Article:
Please Help Share God's Best News GospelEditorial Note: This writing is taken from the website of: http://www.geocities.com/Athens/Delphi/8449/index.html and we greatly appreciate them allowing us to reprint this precious writing.
The Bible teaches that Christ's resurrection body is the
pattern of our resurrection body. In Philippians 3:20-21, we read "For our
citizenship is in heaven, from which also we eagerly wait for a Savior, the Lord
Jesus Christ; who will transform the body of our humble state into conformity
with the body of His glory, by the exertion of the power that He has even to
subject all things to Himself." First, notice that Christ still has His body.
Sometimes we fall into some vague notion that Christ stopped being human when He
ascended into heaven. That is not true. He will remain human and in His body
forever. This verse speaks of "the body of [Christ's] glory." Second,
recognize that Christ is already glorified. This verse speaks of "the body of
His glory." Third, we are not yet glorified. Our bodies are now in
a "humble state." Fourth, when Christ returns we will be glorified. Fifth, this
glorification consists in our present bodies being transformed into the likeness
of Christ's glorious body. In other words, we will be given bodies like
Christ's. This is also taught in 1 Corinthians 15:49: "And just as we have borne
the image of the earthy, we shall also bear the image of the heavenly."
Our resurrection bodies will be physical.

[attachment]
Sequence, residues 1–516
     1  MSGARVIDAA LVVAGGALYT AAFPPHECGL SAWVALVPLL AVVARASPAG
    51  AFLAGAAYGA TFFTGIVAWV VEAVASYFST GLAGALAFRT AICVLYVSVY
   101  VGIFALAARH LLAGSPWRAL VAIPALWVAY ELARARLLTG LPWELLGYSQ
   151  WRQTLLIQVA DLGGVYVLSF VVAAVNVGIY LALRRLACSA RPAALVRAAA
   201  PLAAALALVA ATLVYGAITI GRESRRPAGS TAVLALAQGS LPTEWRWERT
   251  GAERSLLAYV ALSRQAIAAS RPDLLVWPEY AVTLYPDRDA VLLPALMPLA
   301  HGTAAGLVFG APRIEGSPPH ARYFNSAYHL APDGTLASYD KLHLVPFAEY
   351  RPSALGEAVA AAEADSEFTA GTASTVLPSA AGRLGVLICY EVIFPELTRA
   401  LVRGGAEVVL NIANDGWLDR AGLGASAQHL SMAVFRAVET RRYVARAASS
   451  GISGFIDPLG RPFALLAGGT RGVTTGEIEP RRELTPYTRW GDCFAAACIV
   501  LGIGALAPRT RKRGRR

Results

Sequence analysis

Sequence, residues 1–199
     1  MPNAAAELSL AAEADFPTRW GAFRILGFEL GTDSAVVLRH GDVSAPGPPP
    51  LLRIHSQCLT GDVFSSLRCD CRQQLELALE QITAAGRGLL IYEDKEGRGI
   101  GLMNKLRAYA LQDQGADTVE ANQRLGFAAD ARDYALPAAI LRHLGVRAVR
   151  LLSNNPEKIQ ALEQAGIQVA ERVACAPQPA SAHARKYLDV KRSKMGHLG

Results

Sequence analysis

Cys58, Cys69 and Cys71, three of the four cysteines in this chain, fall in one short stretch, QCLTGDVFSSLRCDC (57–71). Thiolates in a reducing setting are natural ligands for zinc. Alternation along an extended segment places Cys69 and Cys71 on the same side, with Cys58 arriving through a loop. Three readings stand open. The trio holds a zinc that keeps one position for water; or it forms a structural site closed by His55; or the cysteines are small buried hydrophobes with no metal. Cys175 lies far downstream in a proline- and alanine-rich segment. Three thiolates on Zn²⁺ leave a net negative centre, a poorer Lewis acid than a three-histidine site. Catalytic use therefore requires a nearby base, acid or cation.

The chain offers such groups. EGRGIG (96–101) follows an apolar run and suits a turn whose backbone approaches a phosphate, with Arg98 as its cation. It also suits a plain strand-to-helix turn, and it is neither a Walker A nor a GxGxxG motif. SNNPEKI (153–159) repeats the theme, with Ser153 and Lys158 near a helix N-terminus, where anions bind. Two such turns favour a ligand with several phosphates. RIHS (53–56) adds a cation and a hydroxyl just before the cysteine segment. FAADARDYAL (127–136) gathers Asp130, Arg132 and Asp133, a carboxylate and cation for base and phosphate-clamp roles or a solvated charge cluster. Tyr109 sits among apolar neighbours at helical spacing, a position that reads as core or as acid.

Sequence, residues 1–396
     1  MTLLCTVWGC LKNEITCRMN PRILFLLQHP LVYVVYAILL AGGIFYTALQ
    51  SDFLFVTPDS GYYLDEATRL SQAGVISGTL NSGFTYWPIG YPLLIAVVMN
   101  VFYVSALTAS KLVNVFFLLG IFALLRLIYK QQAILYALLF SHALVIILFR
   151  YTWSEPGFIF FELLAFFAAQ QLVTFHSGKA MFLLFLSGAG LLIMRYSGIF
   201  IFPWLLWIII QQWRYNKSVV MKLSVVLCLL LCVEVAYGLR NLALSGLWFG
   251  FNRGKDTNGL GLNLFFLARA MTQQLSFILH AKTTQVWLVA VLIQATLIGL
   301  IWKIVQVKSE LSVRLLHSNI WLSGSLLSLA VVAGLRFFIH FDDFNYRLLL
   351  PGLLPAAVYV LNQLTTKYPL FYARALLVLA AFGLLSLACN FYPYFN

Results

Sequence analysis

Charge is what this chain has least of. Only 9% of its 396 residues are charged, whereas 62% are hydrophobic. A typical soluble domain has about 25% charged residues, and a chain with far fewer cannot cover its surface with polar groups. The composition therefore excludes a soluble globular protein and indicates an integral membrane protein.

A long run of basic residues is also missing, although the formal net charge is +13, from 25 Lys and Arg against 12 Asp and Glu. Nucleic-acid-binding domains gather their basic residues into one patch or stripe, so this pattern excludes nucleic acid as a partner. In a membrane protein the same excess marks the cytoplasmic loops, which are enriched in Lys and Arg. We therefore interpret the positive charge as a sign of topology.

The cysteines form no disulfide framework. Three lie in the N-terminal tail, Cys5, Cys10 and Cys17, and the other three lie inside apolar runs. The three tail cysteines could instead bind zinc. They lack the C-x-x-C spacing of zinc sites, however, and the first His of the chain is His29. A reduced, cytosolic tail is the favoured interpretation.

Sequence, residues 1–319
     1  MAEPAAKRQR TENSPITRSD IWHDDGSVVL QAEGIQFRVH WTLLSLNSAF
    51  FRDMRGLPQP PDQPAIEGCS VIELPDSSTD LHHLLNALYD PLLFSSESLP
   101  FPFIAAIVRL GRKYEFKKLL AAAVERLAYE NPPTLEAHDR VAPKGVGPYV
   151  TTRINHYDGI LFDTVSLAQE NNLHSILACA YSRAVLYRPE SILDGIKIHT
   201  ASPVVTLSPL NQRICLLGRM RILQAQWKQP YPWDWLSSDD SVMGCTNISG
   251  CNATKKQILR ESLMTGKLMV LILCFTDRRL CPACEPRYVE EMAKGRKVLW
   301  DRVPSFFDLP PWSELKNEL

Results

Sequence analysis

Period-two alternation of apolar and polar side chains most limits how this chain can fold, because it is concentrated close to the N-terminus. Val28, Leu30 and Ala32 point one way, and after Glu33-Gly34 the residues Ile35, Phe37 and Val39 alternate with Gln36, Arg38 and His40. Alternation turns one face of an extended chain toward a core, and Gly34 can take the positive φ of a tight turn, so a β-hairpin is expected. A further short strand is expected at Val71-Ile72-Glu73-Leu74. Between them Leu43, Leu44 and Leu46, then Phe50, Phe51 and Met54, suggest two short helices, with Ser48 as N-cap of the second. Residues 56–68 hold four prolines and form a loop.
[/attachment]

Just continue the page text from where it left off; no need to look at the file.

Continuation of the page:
Next, we must understand that our bodies will be
physical. Scripture teaches this in many ways. First, remember that Christ's
resurrection body is the pattern of our resurrection body. We know that Christ
was raised in a physical body because the disciples ate with Him after the
resurrection (Acts 10:41) and touched Him (Matthew 28:9; see also John 20:27).
Also, Jesus outright declared that His resurrection body was physical and can be
touched: "See My hands and My feet, that it is I Myself; touch Me and see, for a
spirit does not have flesh and bones as you see that I have" (Luke 24:39; see
also Acts 13:33-37). Since Christ's resurrection is the pattern of our
resurrection, we will therefore be raised in a physical body as well. Second,
the very use of the term body in regards to our resurrected state clearly
teaches that it will be physical: "who will transform the body of our humble
state into conformity with the body of His glory." It would be a contradiction
to speak of a non-physical body.
Second Corinthians 5:1-4 also very clearly teaches a physical resurrection: "For we know that if the earthly tent which is our house is torn down, we have a building from God, a house not made with hands, eternal in the heavens. For indeed in this house we groan, longing to be clothed with our dwelling from heaven; inasmuch as we, having put it on, shall not be found naked. For indeed while we are in this tent, we groan, being burdened, because we do not want to be unclothed, but to be clothed, in order that what is mortal may be swallowed up by life."
First, Paul's terminology about the resurrection body clearly teaches a physical resurrection. He calls it "a building from God," "a house," and "dwelling." Second, he says that we will "put it on" and thus "not be found naked." In this context, what can "found naked" mean other than "found without our physical bodies"? Since our resurrected body is "put on" and keeps us from "being found naked," it must be physical. Third, his comparison with our bodies in their mortal state with them in their immortal state reveals his physical understanding of the resurrection body. Just as our bodies are currently a "tent" (because they are physical), so also the resurrection body will "clothe" us (and thus be physical). Just as our mortal bodies are a "house" (because they are physical), so also our resurrection body is an immortal "house" and "dwelling" (and thus will be physical).